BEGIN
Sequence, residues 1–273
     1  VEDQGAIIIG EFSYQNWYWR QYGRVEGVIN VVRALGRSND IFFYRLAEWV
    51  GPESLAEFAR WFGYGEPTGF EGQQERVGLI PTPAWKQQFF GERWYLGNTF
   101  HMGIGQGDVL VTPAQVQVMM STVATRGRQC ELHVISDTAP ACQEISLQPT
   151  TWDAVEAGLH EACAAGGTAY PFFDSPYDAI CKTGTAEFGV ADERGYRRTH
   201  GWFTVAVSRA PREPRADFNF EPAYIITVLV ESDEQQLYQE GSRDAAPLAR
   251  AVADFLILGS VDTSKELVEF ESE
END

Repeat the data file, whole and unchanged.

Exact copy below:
Sequence, residues 1–273
     1  VEDQGAIIIG EFSYQNWYWR QYGRVEGVIN VVRALGRSND IFFYRLAEWV
    51  GPESLAEFAR WFGYGEPTGF EGQQERVGLI PTPAWKQQFF GERWYLGNTF
   101  HMGIGQGDVL VTPAQVQVMM STVATRGRQC ELHVISDTAP ACQEISLQPT
   151  TWDAVEAGLH EACAAGGTAY PFFDSPYDAI CKTGTAEFGV ADERGYRRTH
   201  GWFTVAVSRA PREPRADFNF EPAYIITVLV ESDEQQLYQE GSRDAAPLAR
   251  AVADFLILGS VDTSKELVEF ESE